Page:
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Feb 21st
¡Presente! Home
Never Again a Military Parade PDF Print E-mail
Written by James Rodríguez, mimundo.org   

Since 1871, the Guatemalan people have been subjected to witnessing the armed forces caravaning through their streets every June 30 -- officially observed as Armed Forces Day. Starting in 1999, though, the HIJOS Collective (acronym for: Sons and Daughters for Identity and Justice, against Forgetfulness and Silence, a group mostly made up of family members of those forcefully disappeared by the military dictatorships of the 1970s and 80s) set for itself the goal of permanently stopping the parade. According to HIJOS, “the military parade is a clear display of force by the armed forces against civil society in a country where the army has been accused of crimes against humanity by a number of justice processes. Despite such indictments, members of the armed forces walk the streets and even parade in complete impunity.” (1)

Over these past 9 years, several attempts at stopping the military parade have led to violent confrontations, as was the case during last year’s June 30th celebrations (Please see the photo-essay: The March For Remembrance Halts the Military Parade).

This year, Peace Secretary Orlando Blanco declared on June 10th that “the government had decided to cancel the military parade due to a petition submitted by a large group of people affected during the internal war.” Military leaders, however, attempted to downplay the governmental decision by stating that they had already planned to call off this year’s parade due to “economic austerity.” (2)

Nevertheless, “for HIJOS Guatemala, the cancellation of the parade is a VICTORY which has been achieved thanks to everyone who, despite the threats, attacks, and repression suffered, has continually marched against the military parade year after year. In addition, we reiterate our struggle to make sure the Army stops patrolling our streets [in combined patrols with the National Civil Police], to find out the final resting place of those forcibly disappeared, and to publicly unmask the intellectual authors of such atrocities, whether civilian or military, so as to make sure they are legally processed appropriately as genocidal criminals.” (3)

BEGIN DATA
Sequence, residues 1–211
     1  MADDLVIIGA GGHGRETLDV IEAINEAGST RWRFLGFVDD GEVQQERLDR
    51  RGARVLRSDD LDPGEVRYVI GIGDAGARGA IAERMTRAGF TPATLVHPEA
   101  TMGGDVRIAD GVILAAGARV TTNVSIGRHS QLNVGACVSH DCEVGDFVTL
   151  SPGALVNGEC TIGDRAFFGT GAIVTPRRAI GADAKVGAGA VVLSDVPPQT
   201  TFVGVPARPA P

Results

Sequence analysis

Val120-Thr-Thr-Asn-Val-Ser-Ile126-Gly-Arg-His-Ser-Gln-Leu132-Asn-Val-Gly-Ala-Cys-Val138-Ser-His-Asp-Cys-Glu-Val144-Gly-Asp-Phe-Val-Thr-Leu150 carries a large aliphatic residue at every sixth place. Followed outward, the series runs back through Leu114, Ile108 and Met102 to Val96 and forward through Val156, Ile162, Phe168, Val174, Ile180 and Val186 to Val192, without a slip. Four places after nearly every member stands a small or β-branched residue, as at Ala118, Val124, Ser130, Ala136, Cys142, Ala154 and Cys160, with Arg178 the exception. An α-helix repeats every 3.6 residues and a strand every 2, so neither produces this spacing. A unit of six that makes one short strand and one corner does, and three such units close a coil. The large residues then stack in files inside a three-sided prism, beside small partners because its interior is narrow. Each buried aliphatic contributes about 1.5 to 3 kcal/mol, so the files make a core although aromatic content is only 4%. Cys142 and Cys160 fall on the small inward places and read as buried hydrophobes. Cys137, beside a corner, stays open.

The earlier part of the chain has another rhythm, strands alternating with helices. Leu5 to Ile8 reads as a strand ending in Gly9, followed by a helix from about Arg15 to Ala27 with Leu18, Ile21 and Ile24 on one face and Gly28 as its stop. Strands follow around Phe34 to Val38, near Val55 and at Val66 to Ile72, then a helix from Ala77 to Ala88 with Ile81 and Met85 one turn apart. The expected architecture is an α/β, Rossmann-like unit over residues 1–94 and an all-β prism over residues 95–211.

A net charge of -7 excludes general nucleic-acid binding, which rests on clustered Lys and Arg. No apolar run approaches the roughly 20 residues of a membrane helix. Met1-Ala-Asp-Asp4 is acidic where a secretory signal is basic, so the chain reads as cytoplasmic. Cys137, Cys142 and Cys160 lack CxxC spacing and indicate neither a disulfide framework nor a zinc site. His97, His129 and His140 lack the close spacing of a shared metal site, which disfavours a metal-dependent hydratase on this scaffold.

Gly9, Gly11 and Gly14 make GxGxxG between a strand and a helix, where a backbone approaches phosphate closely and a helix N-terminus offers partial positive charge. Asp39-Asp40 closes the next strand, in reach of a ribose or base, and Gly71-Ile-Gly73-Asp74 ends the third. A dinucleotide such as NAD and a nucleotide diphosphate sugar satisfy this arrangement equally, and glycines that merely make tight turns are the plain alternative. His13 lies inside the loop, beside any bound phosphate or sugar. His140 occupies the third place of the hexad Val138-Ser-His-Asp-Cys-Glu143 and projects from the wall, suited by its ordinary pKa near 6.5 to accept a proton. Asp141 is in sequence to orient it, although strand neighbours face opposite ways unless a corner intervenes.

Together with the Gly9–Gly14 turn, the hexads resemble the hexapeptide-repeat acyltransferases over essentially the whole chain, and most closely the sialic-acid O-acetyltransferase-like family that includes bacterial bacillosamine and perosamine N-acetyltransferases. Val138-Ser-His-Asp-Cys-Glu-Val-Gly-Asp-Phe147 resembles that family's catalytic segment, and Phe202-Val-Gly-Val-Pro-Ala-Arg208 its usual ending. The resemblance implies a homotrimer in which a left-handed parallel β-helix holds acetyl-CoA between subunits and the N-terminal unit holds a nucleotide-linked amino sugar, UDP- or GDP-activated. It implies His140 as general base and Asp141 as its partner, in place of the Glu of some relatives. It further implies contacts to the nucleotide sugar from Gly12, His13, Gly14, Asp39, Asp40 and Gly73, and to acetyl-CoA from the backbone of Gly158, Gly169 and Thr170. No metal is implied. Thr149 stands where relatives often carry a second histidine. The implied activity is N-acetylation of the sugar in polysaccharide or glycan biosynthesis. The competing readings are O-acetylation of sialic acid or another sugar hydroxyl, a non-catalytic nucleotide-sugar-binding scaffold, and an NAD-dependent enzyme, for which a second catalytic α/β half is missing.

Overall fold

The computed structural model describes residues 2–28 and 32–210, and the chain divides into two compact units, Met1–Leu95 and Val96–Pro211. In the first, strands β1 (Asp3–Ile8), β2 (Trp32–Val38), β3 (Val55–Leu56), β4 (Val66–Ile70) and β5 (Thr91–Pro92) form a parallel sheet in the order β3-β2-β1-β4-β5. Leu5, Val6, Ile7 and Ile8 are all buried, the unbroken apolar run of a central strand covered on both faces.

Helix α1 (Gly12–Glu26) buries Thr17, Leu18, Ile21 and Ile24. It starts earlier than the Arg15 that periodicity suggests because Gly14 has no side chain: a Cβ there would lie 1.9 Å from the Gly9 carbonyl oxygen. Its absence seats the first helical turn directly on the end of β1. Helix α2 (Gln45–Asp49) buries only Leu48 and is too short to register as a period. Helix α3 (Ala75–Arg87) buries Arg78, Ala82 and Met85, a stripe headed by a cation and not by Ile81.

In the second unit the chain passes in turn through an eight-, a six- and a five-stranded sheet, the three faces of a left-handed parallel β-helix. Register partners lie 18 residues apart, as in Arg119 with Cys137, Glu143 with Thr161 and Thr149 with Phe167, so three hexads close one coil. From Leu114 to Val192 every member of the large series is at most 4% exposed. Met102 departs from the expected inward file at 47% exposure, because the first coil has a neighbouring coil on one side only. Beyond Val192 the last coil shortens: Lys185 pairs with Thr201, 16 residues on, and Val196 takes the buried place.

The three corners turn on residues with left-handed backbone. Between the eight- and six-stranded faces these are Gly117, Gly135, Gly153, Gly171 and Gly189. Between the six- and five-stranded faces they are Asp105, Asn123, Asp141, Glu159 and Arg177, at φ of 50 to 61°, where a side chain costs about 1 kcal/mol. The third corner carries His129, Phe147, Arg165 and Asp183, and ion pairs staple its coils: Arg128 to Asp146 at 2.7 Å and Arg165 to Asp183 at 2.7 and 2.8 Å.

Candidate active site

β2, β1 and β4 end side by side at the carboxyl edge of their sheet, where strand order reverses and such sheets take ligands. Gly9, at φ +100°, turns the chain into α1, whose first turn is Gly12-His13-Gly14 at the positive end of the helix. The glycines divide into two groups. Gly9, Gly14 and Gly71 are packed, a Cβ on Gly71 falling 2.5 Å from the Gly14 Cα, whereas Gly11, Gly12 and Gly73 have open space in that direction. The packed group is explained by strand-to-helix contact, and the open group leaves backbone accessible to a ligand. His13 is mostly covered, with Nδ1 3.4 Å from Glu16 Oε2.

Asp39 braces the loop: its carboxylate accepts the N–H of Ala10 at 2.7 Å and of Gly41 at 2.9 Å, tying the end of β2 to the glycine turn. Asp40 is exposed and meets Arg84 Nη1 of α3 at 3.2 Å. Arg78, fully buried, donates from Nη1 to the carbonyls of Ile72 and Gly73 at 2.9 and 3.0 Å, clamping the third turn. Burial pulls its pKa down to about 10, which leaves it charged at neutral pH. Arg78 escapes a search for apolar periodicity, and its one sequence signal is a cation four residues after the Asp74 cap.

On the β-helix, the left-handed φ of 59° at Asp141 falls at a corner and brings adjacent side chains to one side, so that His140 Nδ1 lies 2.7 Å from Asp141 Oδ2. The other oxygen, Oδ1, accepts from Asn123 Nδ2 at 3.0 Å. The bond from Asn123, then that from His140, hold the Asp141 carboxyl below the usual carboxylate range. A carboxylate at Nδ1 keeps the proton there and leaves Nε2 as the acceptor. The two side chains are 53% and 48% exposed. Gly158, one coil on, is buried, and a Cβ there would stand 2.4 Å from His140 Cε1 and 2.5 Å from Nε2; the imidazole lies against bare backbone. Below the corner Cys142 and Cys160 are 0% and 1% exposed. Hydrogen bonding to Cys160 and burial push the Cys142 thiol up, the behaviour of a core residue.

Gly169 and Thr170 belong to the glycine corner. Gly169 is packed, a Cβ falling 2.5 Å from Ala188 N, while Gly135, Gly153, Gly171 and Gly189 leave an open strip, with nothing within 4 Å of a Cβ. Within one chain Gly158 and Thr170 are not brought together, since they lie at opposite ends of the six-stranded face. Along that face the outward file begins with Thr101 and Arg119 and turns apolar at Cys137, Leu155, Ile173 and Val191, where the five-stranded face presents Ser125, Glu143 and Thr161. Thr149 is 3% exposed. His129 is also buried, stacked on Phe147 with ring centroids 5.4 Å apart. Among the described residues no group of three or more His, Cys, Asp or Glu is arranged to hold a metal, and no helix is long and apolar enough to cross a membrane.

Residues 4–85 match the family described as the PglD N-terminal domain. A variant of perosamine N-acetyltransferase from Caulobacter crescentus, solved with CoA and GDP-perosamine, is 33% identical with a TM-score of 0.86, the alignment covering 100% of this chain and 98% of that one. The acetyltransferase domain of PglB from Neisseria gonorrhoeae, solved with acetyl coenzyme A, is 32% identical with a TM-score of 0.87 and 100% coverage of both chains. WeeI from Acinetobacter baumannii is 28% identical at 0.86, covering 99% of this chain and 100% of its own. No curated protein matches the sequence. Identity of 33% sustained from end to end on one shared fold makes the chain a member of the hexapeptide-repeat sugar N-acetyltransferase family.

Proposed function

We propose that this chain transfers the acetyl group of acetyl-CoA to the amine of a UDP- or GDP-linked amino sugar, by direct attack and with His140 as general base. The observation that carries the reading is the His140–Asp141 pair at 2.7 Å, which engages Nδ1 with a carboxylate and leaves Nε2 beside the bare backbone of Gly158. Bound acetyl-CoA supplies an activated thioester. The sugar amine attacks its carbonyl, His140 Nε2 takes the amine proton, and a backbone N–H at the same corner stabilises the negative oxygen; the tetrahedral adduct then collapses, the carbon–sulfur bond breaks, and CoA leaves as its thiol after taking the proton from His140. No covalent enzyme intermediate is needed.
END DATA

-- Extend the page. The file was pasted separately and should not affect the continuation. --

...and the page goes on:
In conjunction with numerous other civil society organizations, HIJOS convoked the National March for Remembrance. The event began as a protest march starting in Jocotenango Park in Zone 2 and ended with a music and art festival at the Central Square. The day was truly a joyous occasion lived by all under a celebratory atmosphere.

Raul Najera, member of HIJOS, stated during the festival in the Central Square: “Friends and colleagues, today, on a June 30th, instead of finding this place full of military personnel, we find ourselves dancing and celebrating! Today, June 30th 2008, we declare it National Day of Our Heroes and Martyrs! Never Again a Military Parade!”

“All of this, all of our history, has successfully stopped a historic symbol of terror and brutality. TOGETHER WE HAVE ALL STOPPED THE MILITARY PARADE. All of us here in addition to every man and woman who broke the silence and signed each petition which made its way to San Marcos, Ixcan, Peten, El Estor, Coban, and those forgotten corners where they still await the day when they can stamp on a little piece of paper their own history. As a result, this march will continue and we must go further and give another step forward in remembrance to our heroes and martyrs so that we, all together, may lift the flags of life, dignity, a just struggle, and hope for our people.” (4)

Versión en español aquí.

1 HIJOS Guatemala. “No Queremos Armarte, Queremos Desmilitarizarte”; Communiqué. Guatemala, May 2008.
2 Fernández, Marcela. “No habrá desfile el 30 de junio”. PrensaLibre; Guatemala, June 10, 2008. (http://www.prensalibre.com/pl/2008/junio/10/243478.html).
3 HIJOS Guatemala. “Ante la Suspensión del Desfile Mlitar”; Communiqué. Guatemala, May 2008.
4 HIJOS Guatemala. “Todos y Todas Paramos el Desfile Militar: Es Tiempo de Desmilitarizar Nuestro Territorio y Nuestra Mente”; Communiqué. Guatemala, June 2008.
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Comments (1)Add Comment
written by Allison Moore, December 13, 2008
I am moved and energized by the bravery of those pictured, and ashamed for the government of my country, these are acts of deep criminality and must be stopped.
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